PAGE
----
Help-son's school imploding-boarding school alternatives?

Sorry for the too-long post. Short version: we might need a boarding school for my smart son who is going into the 11th grade this fall. Is there any hope of finding a really good US school that will take him at this late date?

Long version:

With very heavy heart I write that my son’s wonderful school in Jakarta is at the heart of a sexual abuse of a child(ren) case. (We are American expats.)

The story is complicated and still unfolding. I trust the school administration and teachers more than I can possibly say (the abuse was perpetrated by outsourced cleaning staff, and the school reported it/helped ID and catch the perps as soon as it came to light). But the kindergarten has already been closed by the Ministry of Education (for fall - at least they are letting current enrollees finish the year). The story is as complex and subtext-filled as “Bonfire of the Vanities” but a lot more tragic.

So, what are we going to do? It’s April. Our son is finishing 10th grade and had just chosen his coursework (mixed IB/AP courses with a very strong focus on physics, computer science, and math) for the fall. We had planned our lives and work around ensuring he graduated from this school, which offers unparalleled access to fine teachers, first-rate facilities, and challenging coursework.

If his school is forced to close, or is so badly tarnished that his education over the next couple of years will be adversely affected, we need alternatives. There are none in Jakarta (there is one other really good school for expatriates, but for various reasons I don’t think it is a good choice, besides which it is already over-enrolled and won’t have space for any kids streaming out of my son’s school).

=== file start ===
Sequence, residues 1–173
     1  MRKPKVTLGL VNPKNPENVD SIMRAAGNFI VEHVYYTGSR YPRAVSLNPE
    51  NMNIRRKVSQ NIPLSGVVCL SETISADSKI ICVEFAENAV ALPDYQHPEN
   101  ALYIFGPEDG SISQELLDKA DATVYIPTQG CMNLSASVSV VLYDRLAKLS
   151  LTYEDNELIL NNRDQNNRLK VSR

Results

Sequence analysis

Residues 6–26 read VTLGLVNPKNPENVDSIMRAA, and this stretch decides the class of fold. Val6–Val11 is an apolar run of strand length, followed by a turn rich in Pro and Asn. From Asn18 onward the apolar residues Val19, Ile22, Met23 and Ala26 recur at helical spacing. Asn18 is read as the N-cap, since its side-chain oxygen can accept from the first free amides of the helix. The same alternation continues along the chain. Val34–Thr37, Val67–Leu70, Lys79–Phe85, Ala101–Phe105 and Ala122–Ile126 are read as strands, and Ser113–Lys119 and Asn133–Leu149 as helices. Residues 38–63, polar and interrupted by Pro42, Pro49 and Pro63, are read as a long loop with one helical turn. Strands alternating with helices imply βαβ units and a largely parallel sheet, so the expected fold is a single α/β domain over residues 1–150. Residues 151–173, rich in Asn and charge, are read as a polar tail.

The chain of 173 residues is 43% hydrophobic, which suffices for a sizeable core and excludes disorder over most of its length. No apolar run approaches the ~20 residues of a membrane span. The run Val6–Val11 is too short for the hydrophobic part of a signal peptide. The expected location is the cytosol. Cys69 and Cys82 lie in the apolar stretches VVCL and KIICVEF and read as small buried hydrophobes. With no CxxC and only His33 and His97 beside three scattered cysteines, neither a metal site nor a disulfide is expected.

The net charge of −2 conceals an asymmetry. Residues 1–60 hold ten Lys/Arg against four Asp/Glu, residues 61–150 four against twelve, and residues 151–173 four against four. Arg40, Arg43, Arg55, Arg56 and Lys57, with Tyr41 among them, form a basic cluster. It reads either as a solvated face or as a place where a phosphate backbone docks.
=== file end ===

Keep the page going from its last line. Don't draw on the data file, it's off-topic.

Would any reputable boarding school even have a slot for him this fall (if they take into consideration what has happened and why we are applying so late)? I want him to go to a really good college prep school. He’s very intelligent (he took the PSATs and got an 80 in math and writing and a 64 in critical reading - and that’s a year before he was “supposed” to take PSATs) and that should help. He’s participated in CTY every year since the summer after 5th grade, and this summer is taking a course on special relativity. His dream is to attend MIT and while of course he may not get in, for him it is a realistic goal to strive for.

On the not-so-plus side, he’s not athletic at all, and he isn’t social; he’s got his MtG friends and a wonderful long-distance girlfriend, but he is completely indifferent to “fitting in” with his more typical classmates. His invulnerability to peer pressure is great, but almost TOO great.

I know we will get through this, but I am very worried.

I went to a New England prep school myself but it was a “day school.” I’m aware of schools like Exeter, Choate, Northfield Mount Herman, etc., but worried that (a) they will not have a place for him; and/or (b) he would be eaten alive, socially, at such places. His experience as an expat child is not exactly an “A Separate Peace” sort of life. A school with lots of other children whose parents are working abroad would be good.

Thoughts or recommendations? For the moment assume money is no object - we will deal with that problem later.

Note that I do not blame the school - they may have made so-far-unproven practical errors that contributed to creating a physical/logistical layout where abuse was possible. But they are NOT engaging in a cover-up, they are NOT a bunch of pedophiles, and the sickening rumors that are circulating are nothing but McMartin-style lies.

Because it is a “snobby rich kid” school in a country where the media and the government can be corrupt/unsophisticated (plus presidential elections are coming, so posturing against outsiders could well appeal to some), it is very vulnerable. The truth may matter a lot less than the satisfaction taken by the ignorant and resentful when they are able to bring the school down.

I wish I could “wait and see” if the school survives this. But 11th grade is right around the corner.

I would just start Googling “Boarding Schools” and see what you can find. The only one I know of is Wentworth Military Academy here in Missouri which I read is a pretty good school.

These schools are almost always desperate for students so I’d go ahead and drop their admissions office an email. I bet they could help you out.

Another idea is to ask around with any relatives or close friends who have a spare room and your kid can attend any public school in which that said relative resides. I’ve heard of other kids going to school where say their aunt or uncle live. Much cheaper than boarding school.
Good luck.